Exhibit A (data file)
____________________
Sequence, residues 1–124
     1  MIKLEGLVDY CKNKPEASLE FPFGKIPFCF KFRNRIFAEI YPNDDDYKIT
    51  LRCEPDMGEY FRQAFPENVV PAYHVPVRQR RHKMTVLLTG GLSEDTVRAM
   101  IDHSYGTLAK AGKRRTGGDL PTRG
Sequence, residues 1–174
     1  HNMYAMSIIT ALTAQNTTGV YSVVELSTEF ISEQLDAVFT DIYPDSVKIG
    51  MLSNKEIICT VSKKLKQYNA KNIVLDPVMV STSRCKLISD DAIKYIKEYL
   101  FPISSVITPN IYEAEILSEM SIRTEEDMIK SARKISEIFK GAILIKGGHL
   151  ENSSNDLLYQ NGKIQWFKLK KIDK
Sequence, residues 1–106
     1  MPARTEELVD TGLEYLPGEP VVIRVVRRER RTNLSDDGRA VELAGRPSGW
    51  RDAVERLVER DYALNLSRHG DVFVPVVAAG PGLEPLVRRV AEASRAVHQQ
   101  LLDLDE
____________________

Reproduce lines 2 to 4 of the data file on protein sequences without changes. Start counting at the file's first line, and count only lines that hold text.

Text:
     1  MIKLEGLVDY CKNKPEASLE FPFGKIPFCF KFRNRIFAEI YPNDDDYKIT
    51  LRCEPDMGEY FRQAFPENVV PAYHVPVRQR RHKMTVLLTG GLSEDTVRAM
   101  IDHSYGTLAK AGKRRTGGDL PTRG